Putin’s demand for his war supremo General Valery Gerasimov to unleash ‘an assault in several directions at once’ has evoked deep divisions in his high command, political analyst Valery Solovey has alleged.

  5. scott s. says:

    I know the army is buying 50 or so LRIP medium tanks. I don’t see what the plan is. Are the Abrams considered more-or-less excess inventory at this point (except for a couple armored brigades/cavalry regiment)?

    • TTG says:

      scott s,

      This medium tank or mobile protected firepower (MPF) is not designed to replace the Abrams. It’s an infantry support vehicle designed to support infantry brigades like in the 82nd Airborne or 10th Mountain.

  6. Master Slacker says:

    And now the fighter jets
    “producers of the candidate aircraft (F-16, F/A-18, Eurofighter Typhoon, Rafale, Gripen) shift from caution about transfers to enthusiastic competition for a chance to display their wares in combat.”

    This war is advantageous advertising

    • JK/AR says:

      Well heck, why not send ’em a bunch of F-35s?

      Seems to me though the Israelis “apparently” use ’em to good effect there really hasn’t been a clear-cut acid test showing we really got our money’s worth.

      And while we’re at that, why not send the Ukrainians the Gerald Ford too?

  7. TV says:

    Or…..Diversity Inclusion Equity.

  8. Leith says:

    Just re-read Solzhennitsyn’s One Day in the Life of Ivan Denisovich. The author makes favorable comments about the Western Ukrainians he worked with in a forced labor camp. Those are the same Western Ukrainians that a3re now being called Nazis and Banderites by some commenters here and by Putin’s propaganda brigades throughout the internet. He was also complimentary of the many Balts that were in the camp with him. Solzhenitsyn’s mother was of Ukrainian descent, but she was a Russian citizen born and raised in the Caucasus. Her forebears came from eastern Ukraine – Poltava & Donetsk regions per his biographer.

    I need to find and re-read a copy of his non-fiction book The Gulag Archipelago to see what else he has to say of the many Soviet minority political prisoners sent to forced labor in the “Land of the Zeks”. I understand Solzhenitsyn’s work is or was mandatory in Russian schools. Although I seriously doubt that his poem about his witnessing of rapes and murders of German women and children committed by Red Army troops in what is now Kaliningrad would ever be made required reading.

    • Mark Logan says:


      Solzhenitsyn as a writer stuns me. In Day In The Life he has a paragraph in which he describes an old officer who was a fellow inmate. Simply by describing the way the guy held his frikin’ spoon imparted the man’s character to his readers, and deeply. A complete captured character in the absolute minimum of words.

      Hedrick Smith got several private interviews with him and described him in his book The Russians. For whatever reason the Russians trusted Hedrick and granted him surprising access. The picture Hedrick paints is very much the same, the Russians tolerated him for so long because they loved him, but first and foremost Solzhenitsyn was a Russian patriot. He felt the worst thing they could do to him was deport him, a fate he considered worse than death. They tolerated him for a very long time before they felt forced to do it.

      Just watched the brief series on Netflix about the Einsatzgruppen, a French production made in 2009. It’s a deeper look into the holocaust that spread across the eastern front first, including all the help they got from other eastern Euros. They found several of those guys still alive and willing to talk about it. I wonder if the Russians felt not nearly as guilty about their behavior at that time as we might expect them to have been.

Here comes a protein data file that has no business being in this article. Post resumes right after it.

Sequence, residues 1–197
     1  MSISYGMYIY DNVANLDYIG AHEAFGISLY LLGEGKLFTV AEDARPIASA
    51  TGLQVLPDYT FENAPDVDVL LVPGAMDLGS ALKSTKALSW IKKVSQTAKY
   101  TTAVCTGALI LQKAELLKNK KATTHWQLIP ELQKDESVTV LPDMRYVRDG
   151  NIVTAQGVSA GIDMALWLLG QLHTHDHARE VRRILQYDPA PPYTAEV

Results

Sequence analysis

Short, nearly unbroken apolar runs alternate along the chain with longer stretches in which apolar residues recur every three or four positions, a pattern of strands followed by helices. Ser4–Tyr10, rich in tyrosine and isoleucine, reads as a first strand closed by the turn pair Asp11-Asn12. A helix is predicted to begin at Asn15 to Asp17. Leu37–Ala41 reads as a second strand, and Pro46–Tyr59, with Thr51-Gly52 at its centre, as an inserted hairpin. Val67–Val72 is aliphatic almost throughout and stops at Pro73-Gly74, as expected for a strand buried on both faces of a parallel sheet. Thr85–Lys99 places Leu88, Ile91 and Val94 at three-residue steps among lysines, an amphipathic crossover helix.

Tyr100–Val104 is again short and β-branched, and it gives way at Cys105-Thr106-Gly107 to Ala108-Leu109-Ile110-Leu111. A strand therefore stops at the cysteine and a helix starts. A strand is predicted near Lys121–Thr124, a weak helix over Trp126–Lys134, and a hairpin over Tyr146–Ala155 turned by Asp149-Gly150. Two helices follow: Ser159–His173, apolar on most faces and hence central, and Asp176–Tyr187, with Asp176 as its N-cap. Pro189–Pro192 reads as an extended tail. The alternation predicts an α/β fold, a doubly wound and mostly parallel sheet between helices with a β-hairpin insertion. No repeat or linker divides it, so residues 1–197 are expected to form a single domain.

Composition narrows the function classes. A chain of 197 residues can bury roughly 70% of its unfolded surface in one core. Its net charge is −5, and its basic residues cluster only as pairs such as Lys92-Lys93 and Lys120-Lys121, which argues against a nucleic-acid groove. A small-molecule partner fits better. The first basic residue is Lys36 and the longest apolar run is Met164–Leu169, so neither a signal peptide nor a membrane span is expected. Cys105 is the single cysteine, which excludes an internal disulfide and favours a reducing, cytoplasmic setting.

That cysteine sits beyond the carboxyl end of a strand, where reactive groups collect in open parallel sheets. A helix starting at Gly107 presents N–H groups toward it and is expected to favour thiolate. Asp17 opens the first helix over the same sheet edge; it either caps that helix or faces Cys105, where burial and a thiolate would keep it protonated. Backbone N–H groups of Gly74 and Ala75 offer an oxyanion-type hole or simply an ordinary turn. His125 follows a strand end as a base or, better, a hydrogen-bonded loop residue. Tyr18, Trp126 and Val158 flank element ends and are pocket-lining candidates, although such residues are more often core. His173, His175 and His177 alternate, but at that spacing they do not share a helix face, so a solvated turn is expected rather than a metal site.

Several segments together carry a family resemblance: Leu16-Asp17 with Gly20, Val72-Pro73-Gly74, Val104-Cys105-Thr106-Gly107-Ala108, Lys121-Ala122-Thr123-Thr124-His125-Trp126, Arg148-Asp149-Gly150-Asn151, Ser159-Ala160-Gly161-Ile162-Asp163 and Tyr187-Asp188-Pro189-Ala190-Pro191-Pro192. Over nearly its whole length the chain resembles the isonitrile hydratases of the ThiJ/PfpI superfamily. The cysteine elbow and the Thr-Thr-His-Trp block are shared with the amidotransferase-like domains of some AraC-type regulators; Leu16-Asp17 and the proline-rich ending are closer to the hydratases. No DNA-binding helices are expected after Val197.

• borko says:


      You might find his short book (120 pages) , “Rebuilding Russia” interesting.
      His perspective on Ukraine and Russia helps explain a lot of what is happening today. At least from a semi-Russian point of view.

    • Leith says:

      Mark Logan – The man could write like a Mozart or a Michelangelo.

      Borko – Solzhenitsyn was a brilliant author. As a visionary he was naive and way out of his element. Didn’t he predict that Russia would become democratic if only she would embrace the church? That ain’t gonna happen with Kirill in charge of the church, “Putin’s personal Patriarch”. I wonder how he got along with his neighbors during his 18 years in the Green Mountains? Is that where he became a champion of local self-government only to abandon it when he returned to Moscow? Too bad he and Bernie never got together. I realize they were diametrically opposed on socialism. But he and Sanders had much in common hating unrestrained capitalism. And yet, in the end, he was seduced by the Russian oligarchs and their thief-in-chief Putin.

      • Mark Logan says:


        Solzhenitsyn’s view might be better described as acknowledging the Russian people, left without Marxism, had to have something to rally around and that old traditions were the place to look. The one institution which survived was the Russian Orthodox church so he advocated using that. I did not see anything which indicates it was about a path to democracy, just a path to uniting the people to form a nation.

        • Leith says:

          Mark –

          Certainly Solzhenitsyn was not proposing our idea of democracy. He hated US elections. But he did state that local people thru their local governments should not be dominated by central government. “In all cases local opinion must be identified and implemented. Therefore, all issues can be truly resolved only by the local population ….” So again I have to wonder if he ever observed a town hall meeting during his time in Cavendish?

          • Mark Logan says:


            Ha! If he did I would bet he didn’t stay long. At any rate it’s impossible for me to imagine Alex being happy with what’s happening in Ukraine right now.